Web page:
On 15th December 2021, the president of the United States, Joe Biden signed the executive order 1409, titled, "Imposing Sanctions on Foreign Persons Involved in the Global Illicit Drug Trade." The EO is meant to battle narcotics trafficking and foreigners who engage in illegal drug trade into the United States, killing countless Americans each year. With this EO, severe sanctions would be imposed upon those trafficking drugs like fentanyl and certain other lethal synthetic opioids. Here is everything you need to know about EO 1409.
The EO 1409 imposes sanctions on any foreign individual or group that have been found to;
Here, multiplication or proliferation refers to any activity that enables the production, manufacture, distribution, sale, financing, and/or transportation of narcotic drugs or other illicit controlled substances.
Some of the provisions of this EO resemble those of the US criminal money laundering statute, under which the transactions from the proceeds of specified unlawful activity are prohibited. The one improvement provision of the EO that has garnered much notice is that foreign individuals who get the proceeds of illicit drug activity can be pursued by a sanctions designation instead of criminal prosecution. This is noteworthy because there are notable differences in the evidentiary standards, jurisdictional constraints, and procedural mechanisms between the criminal cases and sanctions.
Another significant impact of the new EO is that the Treasury Department is empowered to impose sanctions on the individuals and groups engaged in facilitating illicit drug trafficking based on the nature of the proceeds they have control over.
Drug trade and abuse is a severe problem that has grappled the population of the United States for a long time. The fact that illicit drugs are easily accessible in the country proves just how rampant the trafficking and movement of synthetic opioids has become, which has alarmed the government and prompted them to take severe actions against it, including, as we mentioned before, the imposition of EO 1409. Some of the drugs that form the major portion of the drug trafficking offenses are as follows:
Here are some staggering statistics that speak volumes about the problem of drug trafficking in the United States.
The various government agencies, including DEA, have been actively trying to curb the cross-border drug trade and the distribution of drugs within the United States by foreign parties. However, with ever-evolving ways of enabling the vehicle of trafficking by international parties, there are some challenges that the US still faces.
For instance, some drug organizations have now begun to use social media and encrypted technologies to communicate with others in the network regarding drug shipments. The same means are used to recruit new members into the fold of the drug trade. With such elaborate methods, it has become tricky for the government to keep tabs on the movement of drugs or the individuals enabling the system. It has become equally difficult to monitor the actions of Mexican drug cartels, the main brains behind most of the drug-related criminal activity.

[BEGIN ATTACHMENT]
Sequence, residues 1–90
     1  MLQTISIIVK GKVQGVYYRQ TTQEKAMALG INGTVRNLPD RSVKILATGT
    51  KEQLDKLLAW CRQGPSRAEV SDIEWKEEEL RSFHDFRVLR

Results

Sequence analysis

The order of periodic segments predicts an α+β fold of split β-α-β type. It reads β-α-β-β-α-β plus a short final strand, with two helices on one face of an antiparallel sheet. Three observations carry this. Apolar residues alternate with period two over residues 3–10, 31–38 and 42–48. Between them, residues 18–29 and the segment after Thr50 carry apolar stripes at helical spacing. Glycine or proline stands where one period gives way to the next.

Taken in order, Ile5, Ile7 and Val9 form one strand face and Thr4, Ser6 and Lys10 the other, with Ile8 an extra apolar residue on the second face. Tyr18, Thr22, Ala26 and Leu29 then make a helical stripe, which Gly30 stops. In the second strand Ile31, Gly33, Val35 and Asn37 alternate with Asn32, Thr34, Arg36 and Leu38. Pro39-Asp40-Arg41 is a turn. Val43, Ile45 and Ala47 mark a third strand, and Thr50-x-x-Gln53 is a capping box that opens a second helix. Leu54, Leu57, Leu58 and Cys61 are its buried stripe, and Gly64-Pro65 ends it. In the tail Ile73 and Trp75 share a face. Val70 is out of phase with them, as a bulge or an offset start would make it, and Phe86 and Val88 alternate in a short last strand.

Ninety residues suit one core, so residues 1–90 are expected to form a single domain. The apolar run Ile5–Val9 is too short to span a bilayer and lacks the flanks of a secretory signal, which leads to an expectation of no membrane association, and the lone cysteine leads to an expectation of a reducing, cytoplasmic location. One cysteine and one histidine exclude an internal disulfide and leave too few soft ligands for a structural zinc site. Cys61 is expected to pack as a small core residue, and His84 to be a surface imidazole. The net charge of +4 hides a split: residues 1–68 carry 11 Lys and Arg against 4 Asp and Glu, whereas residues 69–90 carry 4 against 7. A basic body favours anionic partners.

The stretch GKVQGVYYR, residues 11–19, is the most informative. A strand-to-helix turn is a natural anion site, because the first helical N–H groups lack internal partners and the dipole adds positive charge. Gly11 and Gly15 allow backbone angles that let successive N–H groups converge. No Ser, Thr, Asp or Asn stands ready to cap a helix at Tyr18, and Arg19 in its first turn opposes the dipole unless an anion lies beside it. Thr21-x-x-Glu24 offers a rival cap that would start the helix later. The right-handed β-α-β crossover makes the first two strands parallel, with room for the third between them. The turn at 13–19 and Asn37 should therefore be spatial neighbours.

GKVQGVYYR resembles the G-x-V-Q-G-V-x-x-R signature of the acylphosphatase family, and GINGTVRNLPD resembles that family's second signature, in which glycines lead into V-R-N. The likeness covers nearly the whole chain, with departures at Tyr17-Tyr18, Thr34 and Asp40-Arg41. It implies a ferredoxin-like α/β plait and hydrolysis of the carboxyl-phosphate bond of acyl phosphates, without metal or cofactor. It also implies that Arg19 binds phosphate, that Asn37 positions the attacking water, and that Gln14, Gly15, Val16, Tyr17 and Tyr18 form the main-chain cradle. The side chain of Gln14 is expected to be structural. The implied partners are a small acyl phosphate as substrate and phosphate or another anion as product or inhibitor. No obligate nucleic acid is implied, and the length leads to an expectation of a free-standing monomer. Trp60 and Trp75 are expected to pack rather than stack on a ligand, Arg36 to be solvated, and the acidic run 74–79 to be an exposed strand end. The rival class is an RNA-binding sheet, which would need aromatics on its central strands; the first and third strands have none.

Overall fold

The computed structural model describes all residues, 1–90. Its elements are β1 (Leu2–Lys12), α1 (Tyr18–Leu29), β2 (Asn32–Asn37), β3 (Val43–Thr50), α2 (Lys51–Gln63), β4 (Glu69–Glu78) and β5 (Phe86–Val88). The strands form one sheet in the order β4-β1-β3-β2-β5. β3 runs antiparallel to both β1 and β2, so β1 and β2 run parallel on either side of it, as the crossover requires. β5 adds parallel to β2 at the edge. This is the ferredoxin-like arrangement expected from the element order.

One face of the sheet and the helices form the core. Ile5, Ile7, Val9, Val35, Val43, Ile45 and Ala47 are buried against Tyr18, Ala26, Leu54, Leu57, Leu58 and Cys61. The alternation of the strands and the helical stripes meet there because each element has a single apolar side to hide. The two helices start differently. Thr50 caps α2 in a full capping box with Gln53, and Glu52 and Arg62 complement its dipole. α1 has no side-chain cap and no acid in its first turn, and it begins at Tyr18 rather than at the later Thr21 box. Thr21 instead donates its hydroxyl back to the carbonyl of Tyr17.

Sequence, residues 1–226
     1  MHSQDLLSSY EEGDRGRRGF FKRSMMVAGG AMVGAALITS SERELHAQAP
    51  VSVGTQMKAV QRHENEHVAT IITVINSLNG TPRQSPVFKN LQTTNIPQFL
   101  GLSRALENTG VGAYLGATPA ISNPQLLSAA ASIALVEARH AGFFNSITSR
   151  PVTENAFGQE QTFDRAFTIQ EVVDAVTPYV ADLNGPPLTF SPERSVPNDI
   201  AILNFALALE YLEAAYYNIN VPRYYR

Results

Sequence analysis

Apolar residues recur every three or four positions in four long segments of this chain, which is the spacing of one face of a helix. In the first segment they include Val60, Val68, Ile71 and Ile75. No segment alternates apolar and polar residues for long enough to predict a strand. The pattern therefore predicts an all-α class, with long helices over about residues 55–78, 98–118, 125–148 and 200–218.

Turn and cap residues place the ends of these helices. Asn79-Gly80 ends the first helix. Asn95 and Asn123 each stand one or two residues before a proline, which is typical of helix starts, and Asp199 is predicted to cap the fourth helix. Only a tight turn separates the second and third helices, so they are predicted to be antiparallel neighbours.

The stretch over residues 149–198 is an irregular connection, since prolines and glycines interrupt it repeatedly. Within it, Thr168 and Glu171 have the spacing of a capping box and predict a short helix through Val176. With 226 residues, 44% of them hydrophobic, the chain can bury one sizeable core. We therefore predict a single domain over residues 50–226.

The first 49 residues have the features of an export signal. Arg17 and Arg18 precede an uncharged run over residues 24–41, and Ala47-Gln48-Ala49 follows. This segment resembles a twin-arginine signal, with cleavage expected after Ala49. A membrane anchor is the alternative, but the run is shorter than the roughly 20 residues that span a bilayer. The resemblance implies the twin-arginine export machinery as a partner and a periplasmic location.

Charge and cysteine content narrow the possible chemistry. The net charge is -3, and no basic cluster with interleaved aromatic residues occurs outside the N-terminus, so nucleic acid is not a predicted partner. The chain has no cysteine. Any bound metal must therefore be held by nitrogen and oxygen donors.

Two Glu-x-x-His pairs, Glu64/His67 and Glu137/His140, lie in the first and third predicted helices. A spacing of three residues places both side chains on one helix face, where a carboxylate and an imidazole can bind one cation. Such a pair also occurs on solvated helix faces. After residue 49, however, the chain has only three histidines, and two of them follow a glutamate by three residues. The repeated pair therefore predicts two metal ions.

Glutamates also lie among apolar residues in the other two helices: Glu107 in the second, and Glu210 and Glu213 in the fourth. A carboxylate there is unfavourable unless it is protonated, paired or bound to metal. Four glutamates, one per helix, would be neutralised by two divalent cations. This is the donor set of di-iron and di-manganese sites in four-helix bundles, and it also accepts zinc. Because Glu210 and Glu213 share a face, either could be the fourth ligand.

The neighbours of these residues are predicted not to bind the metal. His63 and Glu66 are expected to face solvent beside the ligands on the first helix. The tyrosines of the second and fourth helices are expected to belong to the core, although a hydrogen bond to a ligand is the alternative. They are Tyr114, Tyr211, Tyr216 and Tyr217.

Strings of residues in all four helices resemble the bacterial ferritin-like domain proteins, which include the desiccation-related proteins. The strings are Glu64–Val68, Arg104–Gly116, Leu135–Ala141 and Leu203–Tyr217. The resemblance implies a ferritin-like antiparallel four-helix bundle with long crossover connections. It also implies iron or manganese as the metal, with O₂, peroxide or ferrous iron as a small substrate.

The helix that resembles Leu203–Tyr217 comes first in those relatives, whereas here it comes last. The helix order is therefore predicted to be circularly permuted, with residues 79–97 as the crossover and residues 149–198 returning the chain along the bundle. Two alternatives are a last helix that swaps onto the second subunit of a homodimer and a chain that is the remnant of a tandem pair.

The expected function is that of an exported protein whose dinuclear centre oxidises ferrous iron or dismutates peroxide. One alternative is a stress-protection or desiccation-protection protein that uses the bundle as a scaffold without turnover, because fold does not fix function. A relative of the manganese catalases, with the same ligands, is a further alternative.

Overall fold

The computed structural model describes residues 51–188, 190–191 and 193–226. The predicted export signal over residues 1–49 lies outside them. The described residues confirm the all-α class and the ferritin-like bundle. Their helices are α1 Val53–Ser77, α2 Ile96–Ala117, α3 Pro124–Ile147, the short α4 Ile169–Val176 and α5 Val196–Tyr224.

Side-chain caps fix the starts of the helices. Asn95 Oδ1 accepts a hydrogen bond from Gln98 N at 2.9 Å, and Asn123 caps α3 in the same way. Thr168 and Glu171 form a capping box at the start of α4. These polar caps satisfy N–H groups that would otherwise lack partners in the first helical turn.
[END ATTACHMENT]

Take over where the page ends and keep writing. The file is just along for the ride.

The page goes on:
With the easy movement of drug shipments into the United States and then within the country, obtaining illicit drugs has become easier for the citizens, many of whom contribute to the acquisition and distribution, apart from the final consumption. In recent years, the US has witnessed a spike in overdose cases and deaths, enough to alarm the government. In fact, drug overdose is now one of the country's leading causes of injury deaths. Between 2000-2015, the cases of overdose and drug deaths have doubled, while deaths with opioids involved have tripled within the same period.
Another concern is that some prescription opioids are laced with illicit substances. The problem of counterfeit prescription painkillers, in which drugs are mixed, is on the high rise, especially because, at times, the users don't know whether the painkiller they are consuming is legit or tampered with. This has also resulted in a significant number of drug-related deaths.
While the problem of drug trafficking continues to plague the United States, the government has already enforced it. It continues to implement serious sanctions and curbs to curtail transportation of the drugs within the US, especially from Mexico, and through all kinds of transport, including road, air, and sea. Federal Drug Trafficking Penalties 21 USC 841 and Federal Drug Possession Penalties are only a few to name that have worked towards keeping the influx of illicit drugs in the country in check. In addition to this, several federal and state laws have been put in place to sentence those who possess, consume and distribute illicit drugs in the country, be it foreign parties or the American citizens themselves.